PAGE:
Crafting an Edge in PLO by Nailing River Play


In the world of poker, we study preflop and flop play diligently, and rightfully so, as they form the foundation of any successful poker game. But there’s an often-neglected abundance of opportunities further down the game tree that can significantly enhance your win rate in Pot-Limit Omaha: river play.

Surprisingly, very few talk about it in the PLO community, and even less study it. In this post, we’ll delve into the core concepts of river play that every PLO player should grasp to gain that competitive edge.

Why Should You Study River Play?

1. It generates the biggest edges:

While many players focus their efforts on earlier streets, you can gain a substantial advantage by understanding the nuances of river decisions.

2. The biggest pots

Rivers might be less frequent, but they often host the most significant pots. Even small improvements in your river decision-making process can translate into substantial gains.

3. Embracing a new mindset

On earlier streets, equity reigns supreme as you aim to calculate how you are doing against different parts of your opponent’s range. However, on the river, shifting your focus from opponent ranges to individual cards is crucial (like blockers and unblockers). Which card increases the likelihood of your opponent bluffing or value betting? It’s a whole new mindset that can make or break your river play.

Now, let’s dive deeper into this new river mindset by exploring different river situations.

Is My Hand Strong Enough to Bet?

When contemplating a value bet, especially with a non-nutted hand, consider what your opponent is likely calling with. Think about weaker hand categories and what specific attributes those hands would need in order to call. 

For instance, if you are holding top set and seek a call from an overpair when the flush draw misses, we would want to block the flush draw. Why? Blocking the missed draw makes it more likely that your opponent will call lighter, assuming you might have missed the draw. On the other hand, if you unblock the draws, you may want to induce a bluff or avoid the risk of running into a stronger hand by opting for a check/call.

EXPLOIT: If you doubt your opponent’s ability to bluff frequently enough, a small value bet can be more profitable than a check/call given that a portion of the EV of checking is derived from your opponent turning certain hands into bluffs.

Bluff-Catching with a Strong Range

Now, let’s tackle a river scenario where we’ve bet thinly for value but are faced with a raise. What’s the best course of action? Start by evaluating your own range and considering how much of it needs to be folded to avoid becoming exploitable.

If your opponent makes a pot-sized raise, you’ll typically need to fold approximately 60-65% of the time. Given that you should have about 33% of your range as bluffs when betting pot, you can eliminate these hands from your calling range right away. This leaves you with the task of finding another ~30% of hands to call with and maintain a balanced approach.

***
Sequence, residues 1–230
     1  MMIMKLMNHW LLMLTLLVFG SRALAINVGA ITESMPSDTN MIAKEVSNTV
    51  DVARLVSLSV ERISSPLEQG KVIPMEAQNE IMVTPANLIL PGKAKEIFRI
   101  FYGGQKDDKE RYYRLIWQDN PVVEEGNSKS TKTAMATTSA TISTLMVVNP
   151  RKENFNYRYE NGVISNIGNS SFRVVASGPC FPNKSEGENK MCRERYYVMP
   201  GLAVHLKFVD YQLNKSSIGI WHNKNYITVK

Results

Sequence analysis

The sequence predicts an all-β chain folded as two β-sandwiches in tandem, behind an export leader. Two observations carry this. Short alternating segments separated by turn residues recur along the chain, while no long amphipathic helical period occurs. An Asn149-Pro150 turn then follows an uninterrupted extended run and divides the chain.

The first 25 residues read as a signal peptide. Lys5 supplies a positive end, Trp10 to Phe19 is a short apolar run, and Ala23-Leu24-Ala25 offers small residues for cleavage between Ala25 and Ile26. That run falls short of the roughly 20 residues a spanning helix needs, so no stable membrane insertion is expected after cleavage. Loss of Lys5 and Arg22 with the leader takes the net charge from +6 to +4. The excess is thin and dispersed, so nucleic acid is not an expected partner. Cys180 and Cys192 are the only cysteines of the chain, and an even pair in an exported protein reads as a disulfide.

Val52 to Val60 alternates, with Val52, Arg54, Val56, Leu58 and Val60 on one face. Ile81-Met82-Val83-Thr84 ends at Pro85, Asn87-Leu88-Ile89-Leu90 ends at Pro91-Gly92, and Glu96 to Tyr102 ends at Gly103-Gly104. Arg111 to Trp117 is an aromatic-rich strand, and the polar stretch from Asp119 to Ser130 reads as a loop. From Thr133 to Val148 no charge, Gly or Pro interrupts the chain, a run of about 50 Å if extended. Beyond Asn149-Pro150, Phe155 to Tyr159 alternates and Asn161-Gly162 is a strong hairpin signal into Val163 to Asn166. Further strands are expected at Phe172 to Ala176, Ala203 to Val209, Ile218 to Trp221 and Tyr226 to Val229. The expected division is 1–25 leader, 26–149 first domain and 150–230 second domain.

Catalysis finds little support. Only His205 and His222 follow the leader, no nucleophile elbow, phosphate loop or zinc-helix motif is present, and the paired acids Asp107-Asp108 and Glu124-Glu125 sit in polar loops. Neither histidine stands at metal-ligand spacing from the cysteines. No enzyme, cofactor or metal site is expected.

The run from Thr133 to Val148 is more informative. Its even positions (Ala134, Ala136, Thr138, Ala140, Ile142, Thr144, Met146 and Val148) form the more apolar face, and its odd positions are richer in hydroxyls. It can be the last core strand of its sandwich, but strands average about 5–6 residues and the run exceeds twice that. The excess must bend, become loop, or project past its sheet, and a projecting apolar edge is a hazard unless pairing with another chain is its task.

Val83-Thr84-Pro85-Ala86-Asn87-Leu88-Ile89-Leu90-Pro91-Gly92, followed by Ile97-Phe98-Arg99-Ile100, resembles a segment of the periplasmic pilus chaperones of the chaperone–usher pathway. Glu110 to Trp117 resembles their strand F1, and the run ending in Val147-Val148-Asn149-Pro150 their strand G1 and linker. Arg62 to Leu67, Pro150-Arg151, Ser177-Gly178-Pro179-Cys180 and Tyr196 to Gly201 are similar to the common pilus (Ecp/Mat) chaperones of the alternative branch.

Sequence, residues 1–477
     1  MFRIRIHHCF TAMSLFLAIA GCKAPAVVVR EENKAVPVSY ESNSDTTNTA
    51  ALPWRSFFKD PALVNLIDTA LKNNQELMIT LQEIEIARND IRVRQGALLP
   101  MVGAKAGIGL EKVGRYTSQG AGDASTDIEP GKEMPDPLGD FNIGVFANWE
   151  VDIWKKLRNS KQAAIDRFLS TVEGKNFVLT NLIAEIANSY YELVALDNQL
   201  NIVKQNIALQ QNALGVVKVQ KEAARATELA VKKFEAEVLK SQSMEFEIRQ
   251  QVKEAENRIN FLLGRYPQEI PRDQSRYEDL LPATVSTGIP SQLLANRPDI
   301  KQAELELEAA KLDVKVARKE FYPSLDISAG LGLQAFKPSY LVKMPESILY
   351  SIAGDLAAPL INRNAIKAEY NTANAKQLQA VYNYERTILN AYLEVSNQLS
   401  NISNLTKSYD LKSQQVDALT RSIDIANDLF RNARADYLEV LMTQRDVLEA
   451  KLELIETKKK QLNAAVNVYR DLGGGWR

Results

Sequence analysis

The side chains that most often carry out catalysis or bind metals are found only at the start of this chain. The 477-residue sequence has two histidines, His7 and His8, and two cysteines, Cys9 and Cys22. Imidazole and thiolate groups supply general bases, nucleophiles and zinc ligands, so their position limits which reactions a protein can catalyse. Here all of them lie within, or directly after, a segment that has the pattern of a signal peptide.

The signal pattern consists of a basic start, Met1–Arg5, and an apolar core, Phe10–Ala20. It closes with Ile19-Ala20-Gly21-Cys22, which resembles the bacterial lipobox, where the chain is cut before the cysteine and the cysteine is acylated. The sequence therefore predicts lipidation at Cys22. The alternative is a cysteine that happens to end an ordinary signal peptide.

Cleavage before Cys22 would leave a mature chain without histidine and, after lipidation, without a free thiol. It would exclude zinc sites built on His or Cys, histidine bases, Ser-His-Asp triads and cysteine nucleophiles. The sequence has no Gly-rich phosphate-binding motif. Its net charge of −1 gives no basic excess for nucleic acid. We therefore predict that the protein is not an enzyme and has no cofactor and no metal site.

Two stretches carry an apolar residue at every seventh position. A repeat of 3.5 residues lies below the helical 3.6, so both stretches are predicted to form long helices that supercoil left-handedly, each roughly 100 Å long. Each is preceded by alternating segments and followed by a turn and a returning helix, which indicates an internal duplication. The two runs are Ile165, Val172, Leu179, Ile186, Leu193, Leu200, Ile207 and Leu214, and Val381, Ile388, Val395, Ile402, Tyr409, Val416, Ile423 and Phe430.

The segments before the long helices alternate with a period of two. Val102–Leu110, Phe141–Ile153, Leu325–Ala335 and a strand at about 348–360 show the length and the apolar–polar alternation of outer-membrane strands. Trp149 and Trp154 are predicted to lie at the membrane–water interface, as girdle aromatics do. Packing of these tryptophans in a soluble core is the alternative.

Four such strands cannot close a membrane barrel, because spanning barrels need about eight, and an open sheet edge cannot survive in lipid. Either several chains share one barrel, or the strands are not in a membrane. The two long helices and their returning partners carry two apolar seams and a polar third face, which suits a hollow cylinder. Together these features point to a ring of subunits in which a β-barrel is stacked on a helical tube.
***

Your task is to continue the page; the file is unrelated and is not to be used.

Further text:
Now, if your range is strong (featuring many nut and second-nut hands) you can afford to be more generous with the hands you fold. Focus on calling with your value hands and those with exceptional blockers to maintain a resilient strategy.

EXPLOIT: When you’re in a situation where coming up with viable bluffs is challenging for you, chances are your opponent faces the same dilemma and may be under-bluffing. In such cases, don’t hesitate to overfold, as it can be a profitable adjustment in response to your opponent’s tendencies.

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Bluff-Catching with a Capped Range

When you’re confronted with the decision of whether to bluff-catch, the first step is to decipher what your opponent is likely betting with. This involves a two-sided analysis: examining the line they’ve taken throughout the hand and dissecting their river bet sizing. For a visual example of this concept, refer to this hand example.

By compiling the information from their chosen line and bet sizing, you can pinpoint the most probable hands in their range for this scenario.

Once you’ve identified potential hands that fit this line and bet sizing, assess how your hand does against these likely hands and whether you block them. In the hand in the video, the spade blocker is less relevant due to the likely fact our opponent has a straight, so we would want to have straight blockers to make a hero call.

EXPLOIT: Many players struggle to balance their small river bet sizings, often skewing heavily toward thin value bets. This tendency can be exploited by adjusting your strategy to folding or raising more marginal hands.

Moreover, it’s vital to ascertain the composition and strength of your own range as you reach the river. If your range has been capped in previous streets, you’ll quickly run out of strong hands to call with.


River decisions are where the game’s most crucial moments occur, and by honing your skills in this area, you can boost your chances of success in PLO.

By delving into these essential concepts, you can enhance your understanding of PLO strategy and improve your overall gameplay. It’s an invaluable skill that can set you apart in the world of poker.

As a PLO poker pro I've coached a lot of players, developed high-quality learning programs, and wrote a book about Mastering Small Stakes PLO. I love helping players figure out the game, transform their minds, and achieve success in life and poker.


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